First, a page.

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Prosecutor Marcia Clark followed with a statement laying out the facts proving Simpson’s guilt that the prosecution would establish during the trial

Adversarial And Inquisitorial Systems Of Justice

 

Adversarial and inquisitorial systems of justice represent two different means of conducting trials with adversarial systems used in common law jurisdictions such as England and the inquisitorial system being prevalent in mainland Europe. This essay will outline the characteristics of each system and consider which one is best suited to the assessment and evaluation of facts.

 

The adversarial system is based on the opposing sides acting as adversaries who compete to convince the judge and jury that their version of the facts is the most convincing. The lawyers are given free choice in terms of which issues are presented, what evidence to adduce in support of their submissions and what witnesses to call. The judge presides over the trial and rules on disputed issues of procedure and evidence, asking questions of the witness only to clarify evidence, and concludes the trial by summing-up the facts for the jury and advising them of the relevant law. It is not open to the judge in an adversarial system to enquire beyond the facts and evidence that are presented by the opposing lawyers; his role is largely passive; he is an impartial referee who advises the jury on matters of law.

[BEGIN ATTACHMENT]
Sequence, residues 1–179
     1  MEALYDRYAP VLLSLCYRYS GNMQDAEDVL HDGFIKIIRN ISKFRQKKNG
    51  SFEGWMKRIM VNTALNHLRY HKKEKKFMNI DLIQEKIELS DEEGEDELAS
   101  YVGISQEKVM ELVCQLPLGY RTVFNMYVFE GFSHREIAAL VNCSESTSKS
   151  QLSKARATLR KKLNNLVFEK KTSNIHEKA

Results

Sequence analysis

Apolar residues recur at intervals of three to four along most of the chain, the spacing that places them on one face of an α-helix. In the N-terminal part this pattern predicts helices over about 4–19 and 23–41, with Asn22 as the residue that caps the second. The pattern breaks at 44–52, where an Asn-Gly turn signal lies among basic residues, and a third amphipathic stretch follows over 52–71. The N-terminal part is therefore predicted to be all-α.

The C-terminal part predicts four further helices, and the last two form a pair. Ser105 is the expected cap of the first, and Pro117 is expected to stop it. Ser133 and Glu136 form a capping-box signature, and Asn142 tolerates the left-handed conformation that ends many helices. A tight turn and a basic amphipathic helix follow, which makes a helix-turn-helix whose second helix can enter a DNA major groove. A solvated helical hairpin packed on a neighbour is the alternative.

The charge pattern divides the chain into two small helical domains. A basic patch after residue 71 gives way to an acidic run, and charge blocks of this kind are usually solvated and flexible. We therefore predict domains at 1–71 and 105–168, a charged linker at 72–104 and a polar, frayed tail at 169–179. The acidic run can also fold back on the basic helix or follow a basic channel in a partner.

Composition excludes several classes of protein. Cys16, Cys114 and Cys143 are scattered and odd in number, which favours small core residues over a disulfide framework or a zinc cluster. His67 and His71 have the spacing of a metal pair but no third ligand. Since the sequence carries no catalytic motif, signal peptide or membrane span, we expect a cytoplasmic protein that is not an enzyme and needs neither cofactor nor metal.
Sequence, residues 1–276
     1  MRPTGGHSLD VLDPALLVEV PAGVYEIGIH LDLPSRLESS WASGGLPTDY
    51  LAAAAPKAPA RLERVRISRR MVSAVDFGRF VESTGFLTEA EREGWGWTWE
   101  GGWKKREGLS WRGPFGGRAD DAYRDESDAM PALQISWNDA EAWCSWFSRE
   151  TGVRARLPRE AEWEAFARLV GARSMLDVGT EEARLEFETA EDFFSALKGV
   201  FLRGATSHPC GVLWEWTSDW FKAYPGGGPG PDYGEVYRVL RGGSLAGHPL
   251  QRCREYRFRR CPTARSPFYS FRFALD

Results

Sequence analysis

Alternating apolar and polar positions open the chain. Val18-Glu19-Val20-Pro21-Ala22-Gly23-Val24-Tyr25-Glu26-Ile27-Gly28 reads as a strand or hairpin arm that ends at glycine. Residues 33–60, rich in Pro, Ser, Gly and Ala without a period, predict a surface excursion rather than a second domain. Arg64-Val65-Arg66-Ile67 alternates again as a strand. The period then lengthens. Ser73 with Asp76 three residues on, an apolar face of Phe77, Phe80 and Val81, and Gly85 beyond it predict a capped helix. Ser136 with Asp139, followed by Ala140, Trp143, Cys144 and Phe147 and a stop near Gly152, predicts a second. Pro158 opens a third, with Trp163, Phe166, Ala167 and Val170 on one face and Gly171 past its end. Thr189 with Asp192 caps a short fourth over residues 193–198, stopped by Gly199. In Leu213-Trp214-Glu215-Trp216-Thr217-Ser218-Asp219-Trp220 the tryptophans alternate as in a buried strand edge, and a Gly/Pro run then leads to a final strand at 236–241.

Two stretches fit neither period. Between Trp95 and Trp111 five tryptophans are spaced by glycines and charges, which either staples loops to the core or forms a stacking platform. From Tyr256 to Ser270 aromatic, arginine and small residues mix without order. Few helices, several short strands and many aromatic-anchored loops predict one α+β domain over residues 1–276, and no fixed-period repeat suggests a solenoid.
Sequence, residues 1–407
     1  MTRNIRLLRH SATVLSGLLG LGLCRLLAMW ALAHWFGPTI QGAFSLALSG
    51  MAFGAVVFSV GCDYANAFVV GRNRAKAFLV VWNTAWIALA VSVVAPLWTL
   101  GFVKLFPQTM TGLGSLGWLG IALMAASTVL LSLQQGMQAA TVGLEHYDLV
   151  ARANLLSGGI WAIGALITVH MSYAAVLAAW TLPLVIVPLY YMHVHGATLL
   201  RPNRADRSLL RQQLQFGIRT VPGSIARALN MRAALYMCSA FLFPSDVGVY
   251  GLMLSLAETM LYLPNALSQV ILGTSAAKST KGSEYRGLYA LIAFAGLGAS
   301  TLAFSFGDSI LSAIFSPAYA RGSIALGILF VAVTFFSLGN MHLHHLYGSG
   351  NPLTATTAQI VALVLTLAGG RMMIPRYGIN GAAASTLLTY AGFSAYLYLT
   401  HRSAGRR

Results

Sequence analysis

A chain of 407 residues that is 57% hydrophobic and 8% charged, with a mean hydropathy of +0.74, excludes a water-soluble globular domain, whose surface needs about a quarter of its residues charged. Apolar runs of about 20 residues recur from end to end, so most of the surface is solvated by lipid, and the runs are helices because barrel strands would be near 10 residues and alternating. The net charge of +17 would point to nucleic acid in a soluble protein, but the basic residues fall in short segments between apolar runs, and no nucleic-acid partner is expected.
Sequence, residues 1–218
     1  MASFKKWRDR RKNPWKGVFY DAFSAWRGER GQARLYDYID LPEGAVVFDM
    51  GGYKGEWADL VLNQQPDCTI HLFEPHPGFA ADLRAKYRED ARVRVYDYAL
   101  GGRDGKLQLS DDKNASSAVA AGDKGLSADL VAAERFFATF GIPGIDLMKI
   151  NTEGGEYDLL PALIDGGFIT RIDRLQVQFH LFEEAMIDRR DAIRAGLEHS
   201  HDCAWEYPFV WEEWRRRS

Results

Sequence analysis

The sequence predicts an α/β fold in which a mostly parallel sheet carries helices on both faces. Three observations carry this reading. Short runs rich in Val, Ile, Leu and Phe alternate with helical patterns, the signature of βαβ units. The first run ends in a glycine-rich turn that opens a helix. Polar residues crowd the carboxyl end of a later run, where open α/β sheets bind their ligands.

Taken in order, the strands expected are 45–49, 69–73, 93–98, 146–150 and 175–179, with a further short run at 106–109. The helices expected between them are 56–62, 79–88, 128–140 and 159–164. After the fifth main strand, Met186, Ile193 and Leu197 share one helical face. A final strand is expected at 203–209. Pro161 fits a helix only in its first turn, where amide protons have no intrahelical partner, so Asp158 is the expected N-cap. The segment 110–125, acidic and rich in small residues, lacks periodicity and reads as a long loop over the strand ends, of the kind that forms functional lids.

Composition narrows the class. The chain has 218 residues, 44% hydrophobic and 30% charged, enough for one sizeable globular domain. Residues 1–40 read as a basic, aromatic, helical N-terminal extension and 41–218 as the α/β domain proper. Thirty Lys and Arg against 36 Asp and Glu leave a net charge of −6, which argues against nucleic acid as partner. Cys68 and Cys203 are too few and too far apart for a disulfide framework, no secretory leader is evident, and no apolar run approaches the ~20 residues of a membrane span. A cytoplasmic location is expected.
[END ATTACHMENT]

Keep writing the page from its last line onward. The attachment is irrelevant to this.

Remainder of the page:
This differs dramatically to the role of the judge in an inquisitorial system which is based, as the name suggests, on an inquiry into the case thus the judge is not limited to hearing the submissions of the parties but can direct the lawyers to address specific points or to call particular witnesses. The title of the presiding judge as ‘juge d’instruction’ which translates as ‘investigating magistrate’ in the French criminal justice system gives in indication of the role of the judge in directing proceedings.

 

Source: https://www.lawteacher.net